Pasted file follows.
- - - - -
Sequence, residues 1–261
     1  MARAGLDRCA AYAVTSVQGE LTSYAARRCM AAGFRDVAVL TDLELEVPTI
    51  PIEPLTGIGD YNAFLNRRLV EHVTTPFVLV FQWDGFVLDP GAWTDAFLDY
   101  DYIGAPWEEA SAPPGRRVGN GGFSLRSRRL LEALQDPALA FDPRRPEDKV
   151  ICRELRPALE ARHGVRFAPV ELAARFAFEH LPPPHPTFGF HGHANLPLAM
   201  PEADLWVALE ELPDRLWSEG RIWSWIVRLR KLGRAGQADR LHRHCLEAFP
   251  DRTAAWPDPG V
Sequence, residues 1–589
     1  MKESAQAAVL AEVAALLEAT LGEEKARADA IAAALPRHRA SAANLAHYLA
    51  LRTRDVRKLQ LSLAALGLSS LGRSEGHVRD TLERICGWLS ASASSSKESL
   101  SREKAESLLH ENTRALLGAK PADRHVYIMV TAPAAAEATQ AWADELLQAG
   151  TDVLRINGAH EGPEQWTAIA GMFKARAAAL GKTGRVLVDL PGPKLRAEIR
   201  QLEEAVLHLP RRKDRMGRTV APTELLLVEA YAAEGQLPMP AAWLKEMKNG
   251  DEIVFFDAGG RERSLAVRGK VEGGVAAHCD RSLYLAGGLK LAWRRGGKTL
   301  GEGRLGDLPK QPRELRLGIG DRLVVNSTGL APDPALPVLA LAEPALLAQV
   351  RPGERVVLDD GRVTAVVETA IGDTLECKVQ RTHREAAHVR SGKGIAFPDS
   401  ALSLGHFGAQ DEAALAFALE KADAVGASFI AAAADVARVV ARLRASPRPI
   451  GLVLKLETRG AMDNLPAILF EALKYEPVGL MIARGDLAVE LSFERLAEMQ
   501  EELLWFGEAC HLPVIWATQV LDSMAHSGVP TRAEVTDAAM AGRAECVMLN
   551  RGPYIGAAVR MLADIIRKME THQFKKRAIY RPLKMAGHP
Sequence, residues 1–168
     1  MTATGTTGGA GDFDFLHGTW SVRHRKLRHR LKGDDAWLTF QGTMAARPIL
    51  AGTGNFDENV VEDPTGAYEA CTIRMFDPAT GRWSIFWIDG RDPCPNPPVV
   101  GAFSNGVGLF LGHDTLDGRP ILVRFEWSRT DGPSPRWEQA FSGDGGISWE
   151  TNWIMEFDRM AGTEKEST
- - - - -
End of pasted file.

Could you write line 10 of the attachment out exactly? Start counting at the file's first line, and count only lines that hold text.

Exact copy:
    51  LRTRDVRKLQ LSLAALGLSS LGRSEGHVRD TLERICGWLS ASASSSKESL